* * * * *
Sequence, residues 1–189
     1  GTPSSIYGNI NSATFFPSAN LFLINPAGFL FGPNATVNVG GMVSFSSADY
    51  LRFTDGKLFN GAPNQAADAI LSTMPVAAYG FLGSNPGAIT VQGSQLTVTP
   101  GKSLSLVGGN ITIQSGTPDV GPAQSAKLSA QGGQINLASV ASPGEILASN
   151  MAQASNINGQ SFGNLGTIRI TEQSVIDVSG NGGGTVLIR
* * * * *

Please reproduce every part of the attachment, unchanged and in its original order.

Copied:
Sequence, residues 1–189
     1  GTPSSIYGNI NSATFFPSAN LFLINPAGFL FGPNATVNVG GMVSFSSADY
    51  LRFTDGKLFN GAPNQAADAI LSTMPVAAYG FLGSNPGAIT VQGSQLTVTP
   101  GKSLSLVGGN ITIQSGTPDV GPAQSAKLSA QGGQINLASV ASPGEILASN
   151  MAQASNINGQ SFGNLGTIRI TEQSVIDVSG NGGGTVLIR